Over 30 years Chairmont has been involved in every sector of the financial services industry. Major assignments have been undertaken in retail and business banking, credit cards, funds management, stockbroking, exchanges and clearing houses, investment banking, internet and electronic payment systems. This work ranged from strategy development through to technological implementations.
Chairmont has been involved in banking licence applications through to establishing banks. This work included working on the conversion of Hill Samuel to Macquarie Bank, conversion of Industrial Bank of Japan’s representative office to a trading bank, obtaining both the subsidiary then branch licences for ING Australia, working of the Chase AMP joint venture, preparing the economic benefit report for Chemical Bank’s licence application and involvement on the privatisation of State Bank of NSW to Colonial. In the UK, there was the licence rationalisation exercise for Westpac after it acquired Mase (a gold bullion dealer).
Compliance has become a major cost of business. Since starting operations in 1995 Chairmont has worked on or around compliance exercises, e.g. Basel 1, 2 and 3, AML & CTF, Uniform Consumer Credit Code (UCCC), National Consumer Credit Protection (NCCP), Managed Investments Act, etc and their impacts on business operations and the need for a culture of compliance. It is our experience that compliance projects should be treated as business projects and used as an opportunity to re-engineering processes, introduce or improve technology solutions and develop new customer service metrics.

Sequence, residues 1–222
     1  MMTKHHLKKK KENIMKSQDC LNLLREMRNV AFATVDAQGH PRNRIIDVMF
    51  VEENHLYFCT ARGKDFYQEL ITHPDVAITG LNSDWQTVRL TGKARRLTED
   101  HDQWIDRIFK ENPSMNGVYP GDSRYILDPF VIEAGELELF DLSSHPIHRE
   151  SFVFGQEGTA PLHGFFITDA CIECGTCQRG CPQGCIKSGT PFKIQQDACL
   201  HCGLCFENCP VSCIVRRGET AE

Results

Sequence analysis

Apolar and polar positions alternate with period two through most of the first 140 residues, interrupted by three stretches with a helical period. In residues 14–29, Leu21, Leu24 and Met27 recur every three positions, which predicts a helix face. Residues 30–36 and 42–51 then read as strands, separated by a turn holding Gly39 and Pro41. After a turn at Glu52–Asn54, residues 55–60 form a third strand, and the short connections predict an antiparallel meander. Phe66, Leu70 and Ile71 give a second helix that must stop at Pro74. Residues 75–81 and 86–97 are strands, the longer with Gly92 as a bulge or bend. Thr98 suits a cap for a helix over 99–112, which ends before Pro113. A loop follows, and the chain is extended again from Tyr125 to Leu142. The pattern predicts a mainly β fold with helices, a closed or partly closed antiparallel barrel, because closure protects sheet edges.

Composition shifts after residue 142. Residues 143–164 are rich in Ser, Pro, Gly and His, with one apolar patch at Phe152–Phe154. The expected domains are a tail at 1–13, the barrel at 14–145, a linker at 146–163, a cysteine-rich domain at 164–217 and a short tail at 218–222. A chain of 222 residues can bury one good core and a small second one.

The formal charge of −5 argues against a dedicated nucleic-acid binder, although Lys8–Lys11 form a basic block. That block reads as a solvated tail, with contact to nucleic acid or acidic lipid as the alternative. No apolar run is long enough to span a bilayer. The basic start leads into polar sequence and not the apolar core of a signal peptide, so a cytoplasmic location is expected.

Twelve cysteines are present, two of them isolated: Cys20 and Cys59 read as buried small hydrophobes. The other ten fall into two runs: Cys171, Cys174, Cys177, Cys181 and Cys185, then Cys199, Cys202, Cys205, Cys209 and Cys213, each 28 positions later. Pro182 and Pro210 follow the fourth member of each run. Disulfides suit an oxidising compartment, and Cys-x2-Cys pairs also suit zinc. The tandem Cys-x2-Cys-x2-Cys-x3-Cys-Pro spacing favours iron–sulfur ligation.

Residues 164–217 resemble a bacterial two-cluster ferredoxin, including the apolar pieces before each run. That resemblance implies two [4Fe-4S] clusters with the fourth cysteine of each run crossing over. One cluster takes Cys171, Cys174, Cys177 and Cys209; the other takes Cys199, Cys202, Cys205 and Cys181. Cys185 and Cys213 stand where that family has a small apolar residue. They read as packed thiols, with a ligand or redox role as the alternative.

Increasing regulations is raising the barriers to entry. Chairmont has solid understanding of the US banking system, and in particular the mortgage and investment markets. The uniqueness of the US mortgage market through the role of Government Sponsored Enterprise (GSEs) for qualified mortgages (QM), along with its industry segmentation (origination, servicing and secondary markets) and Federal as well as State level regulations means operating across the US has significant challenges.
The Asian financial services market has also provided Chairmont with an opportunity to demonstrate its expertis